> top of my head, most browsers except IE, Picasa, and Xnview.

The lack of windows support is not so much a fundamental problem with
KDE, it is a problem that there just aren't enough people interested
in getting it working.  Dropping KDE would make this far worse, since
digikam developers would have to re-implement everything for each OS.
And you would still have the problem that there aren't enough people
interested in getting it working, but the people who are interested
would find themselves with many times more work to do, so support on
OS's other than Linux would get far worse rather than better.

> The culprit in Windows is repeated sessions of
> "kioslave.exe" running, which - I think - come and go with photos or
> processes.

That is exactly my point.  kioslave.exe is something provided by KDE
for accessing files in a transparent manner.  As far as the
application is concerned accessing file on a local filesystem, a
remote filesystem, even a website is identical.  It is all hidden from
the application so it doesn't need to know or care where the file came
from.  If digikam ditched KDE, they would have to re-implement, from
scratch, all of those features.  Do you really think they, working
alone, would be able to make an implementation that works across all
desktop environments and requires less resources than the KDE

So to put it simply, kioslave.exe is what lets you access your files.
Without that, or something like it, digikam would not be able to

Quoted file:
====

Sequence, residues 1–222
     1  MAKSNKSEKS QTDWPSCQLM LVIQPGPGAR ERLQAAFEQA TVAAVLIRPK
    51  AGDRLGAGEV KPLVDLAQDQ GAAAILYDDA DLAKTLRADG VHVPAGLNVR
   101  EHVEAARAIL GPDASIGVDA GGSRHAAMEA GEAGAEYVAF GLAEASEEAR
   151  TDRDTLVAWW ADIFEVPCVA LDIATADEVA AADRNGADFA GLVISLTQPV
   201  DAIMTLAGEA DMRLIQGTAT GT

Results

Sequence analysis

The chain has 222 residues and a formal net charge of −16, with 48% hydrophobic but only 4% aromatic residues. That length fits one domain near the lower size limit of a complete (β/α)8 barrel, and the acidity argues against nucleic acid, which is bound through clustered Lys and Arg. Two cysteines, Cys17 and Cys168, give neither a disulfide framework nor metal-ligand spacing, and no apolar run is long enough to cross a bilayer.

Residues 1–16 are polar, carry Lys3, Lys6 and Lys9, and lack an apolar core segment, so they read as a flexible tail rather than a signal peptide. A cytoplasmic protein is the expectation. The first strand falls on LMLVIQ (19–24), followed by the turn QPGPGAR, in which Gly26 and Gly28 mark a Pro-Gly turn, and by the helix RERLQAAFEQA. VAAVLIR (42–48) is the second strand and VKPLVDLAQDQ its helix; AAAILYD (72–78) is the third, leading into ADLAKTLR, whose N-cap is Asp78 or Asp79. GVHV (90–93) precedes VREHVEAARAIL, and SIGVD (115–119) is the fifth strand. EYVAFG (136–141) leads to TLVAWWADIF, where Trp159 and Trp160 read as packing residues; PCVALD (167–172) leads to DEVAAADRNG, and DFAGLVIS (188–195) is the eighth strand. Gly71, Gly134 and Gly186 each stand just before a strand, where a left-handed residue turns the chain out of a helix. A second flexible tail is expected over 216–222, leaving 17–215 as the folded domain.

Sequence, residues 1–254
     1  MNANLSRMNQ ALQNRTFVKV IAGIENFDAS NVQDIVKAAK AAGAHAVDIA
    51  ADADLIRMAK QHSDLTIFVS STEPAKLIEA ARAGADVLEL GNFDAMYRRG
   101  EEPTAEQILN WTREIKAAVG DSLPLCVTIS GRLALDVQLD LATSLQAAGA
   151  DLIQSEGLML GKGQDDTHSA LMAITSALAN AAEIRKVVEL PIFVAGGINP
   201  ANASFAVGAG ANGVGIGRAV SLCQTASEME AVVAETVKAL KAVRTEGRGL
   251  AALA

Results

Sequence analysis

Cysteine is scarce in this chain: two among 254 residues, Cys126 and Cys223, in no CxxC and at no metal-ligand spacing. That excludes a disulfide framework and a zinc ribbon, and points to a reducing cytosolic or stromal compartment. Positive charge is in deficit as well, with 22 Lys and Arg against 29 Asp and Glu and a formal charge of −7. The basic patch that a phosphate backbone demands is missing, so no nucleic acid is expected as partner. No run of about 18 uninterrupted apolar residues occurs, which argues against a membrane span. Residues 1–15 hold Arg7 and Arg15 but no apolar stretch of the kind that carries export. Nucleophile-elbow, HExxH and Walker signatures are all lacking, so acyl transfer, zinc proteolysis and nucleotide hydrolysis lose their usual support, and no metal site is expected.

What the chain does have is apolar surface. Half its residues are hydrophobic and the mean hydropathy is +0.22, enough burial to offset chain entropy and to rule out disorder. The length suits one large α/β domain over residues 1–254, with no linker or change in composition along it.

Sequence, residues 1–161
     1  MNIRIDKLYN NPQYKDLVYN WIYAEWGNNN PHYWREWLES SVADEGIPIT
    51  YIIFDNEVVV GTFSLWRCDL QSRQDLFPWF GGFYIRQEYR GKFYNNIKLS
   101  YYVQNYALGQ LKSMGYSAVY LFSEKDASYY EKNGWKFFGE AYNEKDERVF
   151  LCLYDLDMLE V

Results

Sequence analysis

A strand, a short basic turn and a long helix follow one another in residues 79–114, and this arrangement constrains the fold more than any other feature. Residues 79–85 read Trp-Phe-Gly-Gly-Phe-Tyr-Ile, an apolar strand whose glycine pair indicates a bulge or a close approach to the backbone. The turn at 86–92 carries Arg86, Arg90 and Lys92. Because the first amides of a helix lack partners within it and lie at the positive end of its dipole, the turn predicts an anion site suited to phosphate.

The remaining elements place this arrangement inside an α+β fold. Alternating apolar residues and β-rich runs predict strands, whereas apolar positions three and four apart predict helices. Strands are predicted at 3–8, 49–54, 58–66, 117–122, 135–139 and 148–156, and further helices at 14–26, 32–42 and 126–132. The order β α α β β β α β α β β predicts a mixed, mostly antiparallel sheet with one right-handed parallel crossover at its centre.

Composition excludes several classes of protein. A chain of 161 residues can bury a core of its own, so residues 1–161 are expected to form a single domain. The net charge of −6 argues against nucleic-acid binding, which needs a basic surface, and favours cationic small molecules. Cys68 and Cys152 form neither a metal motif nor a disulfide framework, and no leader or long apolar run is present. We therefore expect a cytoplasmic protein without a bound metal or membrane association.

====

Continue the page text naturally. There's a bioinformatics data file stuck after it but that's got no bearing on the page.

access pictures at all.

> Charles Kettering, inventory of the electric starter and the diesel electric
> locomotive, is famously quoted today still as a reminder for engineers:
> "Parts that aren't there cost nothing and never go wrong."  Decades later
> and with computers I very much see how lots of code tends to lead to lots of
> things going wrong.

Except the only thing that you can cite going wrong is absolutely
critical, core functionality for digikam.

I should point out that KDE is currently working on something called
"frameworks".  Basically they are making it so their previously
monolothic packages like kdelibs and kde-runtime are split into a
large number of mostly or completely independent packages.  That means
that applications like digikam will only have to pull in the bits and
pieces it needs, rather than everything.  This is expected to be
finished sometime next year, but it may take longer since it is far
from a trivial task (since there are currently lots of
interdependencies between parts that need to be removed or split out).
 So within the next 2 years or so this should cease being an issue

> I hope I don't sound unappreciative to the DK team, nothing is further from
> the truth. But like you, I look at the project with clean, emotionally
> unattached eyes and am compelled to ask, "Why?" And then, "Is to too late or
> too big of a project to divorce DK from KDE?"

Yes, it is far, far too late.  Unless you are willing to deal with
likely a year or two of no new features and massive feature
regressions, and likely several more years of tons of bugs.
Frameworks, which does exactly what you are requesting, will almost
certainly be done before digikam has a chance to re-implement all
those features anyway.